16. I have again to refer to the fine work done by the motor launches and coastal motor boats, as reported in paragraph 29 of the Commodore's letter. Their conduct in the late operation confirms the opinion I expressed of them in my despatch on the previous operations.


17. The co-operation of the Air Force, under Brigadier-General Charles L. Lambe, C.M.G., D.S.O., R.A.F., was of great value during the operation. In spite of the fog the 214th Squadron (Squadron-Commander Herbert G. Brackley, D.S.O., D.S.C.) continued to attack in accordance with the programme until after the completion of the operation.


18. I greatly regret the loss of so fine an officer as Commander Godsal. His zeal to retrieve the failure of the "Brilliant" on the 23rd April impelled him to disregard all protection in order to secure success on this occasion.


19. As on the 22nd/23rd April, I am much indebted to Vice-Admiral Pierre Alexis M. A. Ronarc'h, Commandant Superieur de la Marine dans la zone des Armées du Nord, Dunkerque, who placed at my disposal all the available vessels under his command, and assisted me in every possible way. The French torpedo craft and M.Ls. performed valuable service in connection with the monitor bombardment.


20. I commend Commodore Hubert Lynes to their Lordships' favourable consideration.


The officers and men mentioned by him are being included in my list of recommendations, which will be forwarded as soon as possible.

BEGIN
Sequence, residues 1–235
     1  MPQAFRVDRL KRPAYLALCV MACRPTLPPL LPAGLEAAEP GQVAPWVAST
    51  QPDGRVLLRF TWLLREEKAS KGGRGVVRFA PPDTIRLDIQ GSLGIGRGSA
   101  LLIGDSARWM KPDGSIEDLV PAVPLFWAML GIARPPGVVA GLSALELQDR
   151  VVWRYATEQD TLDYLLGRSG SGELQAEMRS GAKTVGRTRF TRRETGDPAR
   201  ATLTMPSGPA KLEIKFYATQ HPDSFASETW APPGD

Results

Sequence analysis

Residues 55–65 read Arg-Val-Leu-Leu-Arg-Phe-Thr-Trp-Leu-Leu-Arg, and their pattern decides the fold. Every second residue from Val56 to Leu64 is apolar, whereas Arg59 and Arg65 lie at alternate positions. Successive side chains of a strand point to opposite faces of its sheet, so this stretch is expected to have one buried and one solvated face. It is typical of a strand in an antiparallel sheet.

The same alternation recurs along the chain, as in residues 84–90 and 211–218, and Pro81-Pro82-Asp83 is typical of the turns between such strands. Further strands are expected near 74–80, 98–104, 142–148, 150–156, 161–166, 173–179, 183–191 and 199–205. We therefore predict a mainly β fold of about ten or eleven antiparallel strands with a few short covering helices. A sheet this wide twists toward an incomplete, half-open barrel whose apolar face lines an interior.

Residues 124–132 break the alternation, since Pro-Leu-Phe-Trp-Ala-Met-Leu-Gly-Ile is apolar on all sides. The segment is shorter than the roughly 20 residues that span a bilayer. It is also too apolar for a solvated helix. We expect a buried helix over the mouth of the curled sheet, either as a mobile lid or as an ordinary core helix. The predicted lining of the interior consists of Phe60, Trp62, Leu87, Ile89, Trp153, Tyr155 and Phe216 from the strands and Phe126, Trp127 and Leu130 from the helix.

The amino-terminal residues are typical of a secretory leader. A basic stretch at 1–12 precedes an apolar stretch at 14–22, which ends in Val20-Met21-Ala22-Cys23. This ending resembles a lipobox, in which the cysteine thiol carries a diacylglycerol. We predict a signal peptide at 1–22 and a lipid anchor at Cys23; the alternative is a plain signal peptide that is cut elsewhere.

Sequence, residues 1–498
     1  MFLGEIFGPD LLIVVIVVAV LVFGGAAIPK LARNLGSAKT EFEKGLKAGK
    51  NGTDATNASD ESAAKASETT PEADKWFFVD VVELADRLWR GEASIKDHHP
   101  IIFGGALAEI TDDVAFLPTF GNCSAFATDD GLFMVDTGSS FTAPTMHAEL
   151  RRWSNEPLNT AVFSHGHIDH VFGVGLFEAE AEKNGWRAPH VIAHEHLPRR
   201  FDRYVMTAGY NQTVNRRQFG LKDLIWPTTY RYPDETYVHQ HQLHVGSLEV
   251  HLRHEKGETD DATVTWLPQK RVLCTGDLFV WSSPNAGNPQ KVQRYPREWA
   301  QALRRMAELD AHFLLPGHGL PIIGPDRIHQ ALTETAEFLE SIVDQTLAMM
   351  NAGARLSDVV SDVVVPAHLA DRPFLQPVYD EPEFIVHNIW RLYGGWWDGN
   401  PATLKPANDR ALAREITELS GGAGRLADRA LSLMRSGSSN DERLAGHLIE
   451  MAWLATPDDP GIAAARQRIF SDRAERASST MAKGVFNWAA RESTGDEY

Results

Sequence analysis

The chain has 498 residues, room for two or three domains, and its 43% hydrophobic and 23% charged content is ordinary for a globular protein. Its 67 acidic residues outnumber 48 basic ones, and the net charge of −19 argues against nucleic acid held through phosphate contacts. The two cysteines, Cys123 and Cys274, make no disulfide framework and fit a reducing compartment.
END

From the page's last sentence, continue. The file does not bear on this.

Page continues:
I have, &c.,

ROGER KEYES, Vice-Admiral, Dover Patrol.



Enclosure to Vice-Admiral, Dover, letter No. 2305/003, dated 15th June, 1918. (No. 053.).


Office of Commodore, Dunkirk, 10th May, 1918.



I have the honour to forward the following report on the operations for blocking Ostend Harbour, carried out on the night of the 9th-10th May, 1918.


2. It will be remembered that on the night of the 22nd-23rd April, when the forces under your command so successfully achieved the blocking of the Zeebrugge-Bruges Canal, the Western Squadron, under my Command, was unsuccessful in its attack; simultaneously delivered, and with the same object on Ostend.


3. The failure on that occasion was due, firstly, to the adverse shift of wind that blew all our smoke screens across the harbour entrance at the critical moment, and secondly, to the displacement - whether by design or chance on the enemy's part - of the Ostend Buoy, whose normal position had formed a convenient departure point for the blockships.